I thought the movie did a nice job of depicting the conflict and synergy of European, North African, Arabian, and Persian styles and folklore. I’d give Azur and Asmar an 8 out of 10, four out of five stars, and an A-.

I have yet to watch Justice League: Doom, and Cartoon Network’s “DC Nationblock has just started on Saturday mornings, with a mix of Young Justice, Green Lantern, and humorous shorts aimed at younger audiences. It’s a little disjointed so far, but I like the shorts. Disney XD will be starting its own Marvel Universe programming on Sunday mornings, including The Avengers: Earth’s Mightiest Heroes and Ultimate Spider-Man.

And that’s not even including upcoming animation such as Star Wars: Clone Wars, Teenage Mutant Ninja Turtles, Avatar: the Legend of Korra, How to Train Your Dragon: the Series, and Pixar’s Brave! I’ve given up for now on trying to keep up with the latest TV iterations of G.I. Joe, Transformers, and Kung-Fu Panda, although they all seem decent. In comedy, I find myself more interested in The Looney Tunes Show, Metalocalypse, or Archer than in The Simpsons or Fox’s Sunday night animation block.

One final item (for now) of news: Sadly, Jean Giraud, also known as Moebius — borrowed from the mathematician — died last week. I discovered his art years ago in Metal Hurlant/Heavy Metal magazine. As with the recently deceased Robert McCall and Ralph McQuarrie, Moebius shaped generations of science fiction and fantasy creators and fans. Examples of Moebius’ influence include the distinctive looks of Alien, Blade Runner, Dune, The Fifth Element, Heavy Metal, Tron, and Willow. All of these artists will be missed, but their visions live on!

Boston Comic Con 2011 report

Cosplaying fans
Some of the Justice League

On Saturday, 30 April 2011, I attended the Boston Comic Con. The show moved from the Westin Boston Waterfront to the larger Hynes Convention Center downtown. There were numerous artists, vendors, and costumed fans, and I’m glad the modest show moved to a larger venue.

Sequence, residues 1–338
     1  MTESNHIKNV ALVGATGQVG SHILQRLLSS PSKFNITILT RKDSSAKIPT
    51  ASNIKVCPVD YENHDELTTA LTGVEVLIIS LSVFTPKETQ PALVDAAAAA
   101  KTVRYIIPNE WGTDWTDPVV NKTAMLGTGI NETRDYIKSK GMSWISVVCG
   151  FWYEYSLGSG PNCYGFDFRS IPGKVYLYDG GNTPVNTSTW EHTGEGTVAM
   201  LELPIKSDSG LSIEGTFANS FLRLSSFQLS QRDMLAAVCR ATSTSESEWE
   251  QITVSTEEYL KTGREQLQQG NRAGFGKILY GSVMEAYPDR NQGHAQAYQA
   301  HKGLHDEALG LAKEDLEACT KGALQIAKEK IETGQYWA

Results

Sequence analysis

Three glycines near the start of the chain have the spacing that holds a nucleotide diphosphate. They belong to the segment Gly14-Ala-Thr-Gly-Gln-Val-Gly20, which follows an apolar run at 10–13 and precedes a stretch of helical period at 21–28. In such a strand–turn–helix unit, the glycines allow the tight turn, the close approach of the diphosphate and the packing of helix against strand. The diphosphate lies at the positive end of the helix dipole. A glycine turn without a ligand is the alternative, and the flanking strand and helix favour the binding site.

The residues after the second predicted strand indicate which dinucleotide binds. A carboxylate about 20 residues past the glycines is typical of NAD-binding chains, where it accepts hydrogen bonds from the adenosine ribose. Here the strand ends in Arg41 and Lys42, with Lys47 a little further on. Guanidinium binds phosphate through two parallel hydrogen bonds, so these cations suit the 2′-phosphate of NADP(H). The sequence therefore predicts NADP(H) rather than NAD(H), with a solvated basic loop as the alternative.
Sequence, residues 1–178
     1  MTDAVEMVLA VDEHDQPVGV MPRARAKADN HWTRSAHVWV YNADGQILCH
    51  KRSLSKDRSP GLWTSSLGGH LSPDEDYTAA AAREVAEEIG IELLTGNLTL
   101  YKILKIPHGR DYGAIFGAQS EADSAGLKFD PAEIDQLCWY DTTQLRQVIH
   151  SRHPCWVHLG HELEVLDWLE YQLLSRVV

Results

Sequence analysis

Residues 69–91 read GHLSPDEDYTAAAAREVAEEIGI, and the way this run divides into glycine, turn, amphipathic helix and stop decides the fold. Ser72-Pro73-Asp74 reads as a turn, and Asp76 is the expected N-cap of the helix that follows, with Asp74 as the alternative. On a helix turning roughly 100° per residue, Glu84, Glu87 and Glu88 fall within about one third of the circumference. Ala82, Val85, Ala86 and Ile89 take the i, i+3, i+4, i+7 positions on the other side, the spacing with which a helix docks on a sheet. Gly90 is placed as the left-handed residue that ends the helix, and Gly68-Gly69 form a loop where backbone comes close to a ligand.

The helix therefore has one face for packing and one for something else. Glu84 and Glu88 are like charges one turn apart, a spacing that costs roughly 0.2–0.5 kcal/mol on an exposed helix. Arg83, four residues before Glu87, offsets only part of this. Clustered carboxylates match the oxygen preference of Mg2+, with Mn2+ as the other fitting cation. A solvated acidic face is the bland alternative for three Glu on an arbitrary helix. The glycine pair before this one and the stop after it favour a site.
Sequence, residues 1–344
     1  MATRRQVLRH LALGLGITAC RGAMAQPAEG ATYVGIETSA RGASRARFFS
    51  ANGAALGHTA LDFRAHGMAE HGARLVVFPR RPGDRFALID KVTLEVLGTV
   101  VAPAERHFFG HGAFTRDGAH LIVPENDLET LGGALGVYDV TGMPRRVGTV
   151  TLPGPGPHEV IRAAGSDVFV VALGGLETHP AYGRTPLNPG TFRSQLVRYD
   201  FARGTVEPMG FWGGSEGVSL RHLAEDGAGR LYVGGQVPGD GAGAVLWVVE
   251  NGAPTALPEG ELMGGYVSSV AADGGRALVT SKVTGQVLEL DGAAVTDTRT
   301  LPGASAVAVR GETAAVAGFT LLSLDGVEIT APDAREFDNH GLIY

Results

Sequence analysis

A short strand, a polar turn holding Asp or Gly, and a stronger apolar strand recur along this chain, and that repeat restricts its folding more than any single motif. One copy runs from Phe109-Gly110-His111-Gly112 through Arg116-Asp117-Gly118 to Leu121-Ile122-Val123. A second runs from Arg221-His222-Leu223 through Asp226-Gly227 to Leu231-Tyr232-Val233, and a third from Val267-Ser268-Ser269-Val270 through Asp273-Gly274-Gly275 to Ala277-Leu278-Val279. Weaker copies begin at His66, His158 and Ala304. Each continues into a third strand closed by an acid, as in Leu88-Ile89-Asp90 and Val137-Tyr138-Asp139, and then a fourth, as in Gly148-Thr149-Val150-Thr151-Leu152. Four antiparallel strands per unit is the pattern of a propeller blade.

Among the artists I spoke with were Frank Cho, who I’ve followed since The Washington Post ran Liberty Meadows; Joe Quinones, whose expressive and retro renditions of Green Lantern were phenomenal in Wednesday Comics; and Stephane Roux, whose work I’m currently enjoying in DC’s Zatanna.

The comic book writers and graphic artists were accessible, the back issues were fairly well organized and priced, and there were also panel discussions. It may not have had the attendance of last month’s Anime Boston, but I hope that events such as the Boston Comic Con and Wizard World’s New England Comic Con continue to grow and prosper.

Hollywood has kept mining comic books and graphic novels for ideas, and I look forward to this week’s opening of Thor, as well as Green Lantern and Captain America: the First Avenger. Janice and I had hoped to get to Dylan Dog: Dead of Night last weekend, but the movie (based on an Italian supernatural horror/comedy title) wasn’t playing anywhere nearby.

I’m less interested in X-Men: First Class and the Spider-Man reboot, since they take more liberties with the continuity established in both the source material and the previous films. They and the planned Fantastic Four, Ghost Rider, and Hulk movies seem more intended for Sony and Fox to hang onto their licenses rather than let them revert to Disney/Marvel control. Other than Chris Nolan’s profitable Batman series, Warner Bros./DC Comics has some catching up to do!

On the animation side, I still recommend Avengers: Earth’s Mightiest Heroes and Young Justice, and it’s too bad that the campy Batman and the Brave and the Bold has been canceled, but at least Bruce Timm and company are working on a Green Lantern television series.

Back in print, I’m also looking forward to Free Comic Book Day, which is this Saturday, May 7. I’ve thinned out my monthly “pull list,” or subscription, at New England Comics in Norwood, Massachusetts. I’ve dropped The Avengers, Batman, Batman and Robin, Streets of Gotham, and the proliferating Green Hornet titles, but I’m still reading many others, which I’ll try to review in the coming months.